postmodern preaching

Third Sunday in Lent Year B

  • Exodus 20: 1-17

Having spectacularly and miraculously rescued the chosen from slavery in Egypt, God now gives the rules that will  prevent God’s people from reverting to slavery and from falling into the ways of injustice of their larger, more powerful neighbors.  These commandments show how to practice justice to God and justice to one another.  God’s identity is reaffirmed as the One “Who brought you out of the land of Egypt, out of the house of slavery.”  God is clear that no other gods nor their images will be tolerated in this relationship.  God makes no apologies for being “jealous,” which can mean God’s anger to the “third generation and with the fourth,” or, conversely, “kindness to the thousandth generation….”  God knows who are “My friends;” “Those who keep my commandments.”  God’s name is not to be taken in “vain;” the sabbath is to be honored.  The next commandments regard justice to others: honor parents; do not cheat on your spouse; steal; nor “bear false witness;” nor “covet” your neighbor’s family nor belongings.

  • Psalm 19

C.S. Lewis regards this psalm as “the greatest in the Psalter and one of the greatest lyrics in the world.”  He also concludes that its structure is quite comparable with “most modern poetry, because it leaps from one concern– creation– to another– the Law– to a third– personal confession– allowing/causing the reader to make associations and connections.”  (Reflections on the Psalms, p. 63)  After celebrating the splendor of each day with its beginning spectacle of sunrise, the psalmist understands that the Law has a similar renewing, life-giving brilliance, but concludes by acknowledging his own dark failures.

  • I Corinthians 1: 18-25

In Pauls’ imagination, there are two dominant, venerable world views– Greco-Roman and Jewish.  Each has centuries of accumulated texts, sophisticated systems of wisdom, literature, poetry, ritual and piety.  People live and die according to these two world views.  They are re-enforced by politics, mores and conventional wisdom.  They are the foundations upon which personal and public life are built.  Therefore, Paul also understands the shock of the announcement of the gospel: “For Jews demand signs and Greeks seek wisdom, but we proclaim Christ crucified, a tumbling block to Jews and foolishness to Gentiles, but to those who are called, both Jews and Greeks, Christ is the power of God and the wisdom of God.”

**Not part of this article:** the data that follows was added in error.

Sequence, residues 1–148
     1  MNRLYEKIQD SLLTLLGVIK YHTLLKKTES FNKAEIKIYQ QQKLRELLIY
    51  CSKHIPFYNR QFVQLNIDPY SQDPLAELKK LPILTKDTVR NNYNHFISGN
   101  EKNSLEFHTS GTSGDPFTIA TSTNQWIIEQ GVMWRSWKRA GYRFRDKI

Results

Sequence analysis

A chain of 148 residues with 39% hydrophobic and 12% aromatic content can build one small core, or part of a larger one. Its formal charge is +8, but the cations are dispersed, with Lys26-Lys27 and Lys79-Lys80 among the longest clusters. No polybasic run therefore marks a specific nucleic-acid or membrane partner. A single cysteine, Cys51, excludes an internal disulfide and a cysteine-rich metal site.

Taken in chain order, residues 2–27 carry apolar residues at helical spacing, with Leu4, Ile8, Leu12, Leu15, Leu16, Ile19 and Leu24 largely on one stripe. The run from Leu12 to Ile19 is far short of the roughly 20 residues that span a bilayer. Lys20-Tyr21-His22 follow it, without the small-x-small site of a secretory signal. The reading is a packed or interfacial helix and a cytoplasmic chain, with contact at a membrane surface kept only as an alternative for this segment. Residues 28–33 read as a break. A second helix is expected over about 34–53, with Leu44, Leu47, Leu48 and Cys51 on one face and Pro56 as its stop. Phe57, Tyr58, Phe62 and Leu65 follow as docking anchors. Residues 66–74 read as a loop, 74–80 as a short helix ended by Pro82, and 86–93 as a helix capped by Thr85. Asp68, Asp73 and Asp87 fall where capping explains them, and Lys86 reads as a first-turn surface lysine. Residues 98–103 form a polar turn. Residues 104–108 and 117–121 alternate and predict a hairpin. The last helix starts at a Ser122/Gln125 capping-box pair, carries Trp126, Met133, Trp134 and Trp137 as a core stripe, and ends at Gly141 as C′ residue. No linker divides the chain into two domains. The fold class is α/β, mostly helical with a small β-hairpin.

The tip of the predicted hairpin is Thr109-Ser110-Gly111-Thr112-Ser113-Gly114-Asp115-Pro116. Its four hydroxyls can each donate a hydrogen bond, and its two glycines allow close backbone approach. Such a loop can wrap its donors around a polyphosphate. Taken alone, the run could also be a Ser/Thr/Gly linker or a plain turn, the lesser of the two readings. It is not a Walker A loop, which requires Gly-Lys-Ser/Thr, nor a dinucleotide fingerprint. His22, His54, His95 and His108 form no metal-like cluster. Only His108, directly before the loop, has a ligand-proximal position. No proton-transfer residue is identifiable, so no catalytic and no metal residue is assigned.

• John 2: 13-22

Whereas the synoptic gospels (Matthew, Mark, Luke) place Jesus not going “up to Jerusalem” until the final week of his life, John’s narrative places an earlier visit to the Holy City right at the very beginning of Jesus’ public ministry.  On this occasion, Jesus plaits a whip, marches into the Temple precincts, turns over the tables of the moneychangers and retailers of pigeons for sacrifice, spills their money on the floor and drives them out.  “The Jews” ask Jesus what is the meaning of his violent action.  Jesus gives an answer that makes no sense to those who do not grasp who he is and what he is doing, but is clear to his followers, who recall “After he was raised from the dead,” what he said on that unforgettable occasion.  What they remembered he said was, “Destroy this Temple and in three days I will raise it up.”  Then John explains, “he was speaking of [another ‘temple’] the Temple of his body.”  It is through the destruction and raising up of this “temple” that many, Jews and Gentiles, will find a new sign of God’s beneficent love.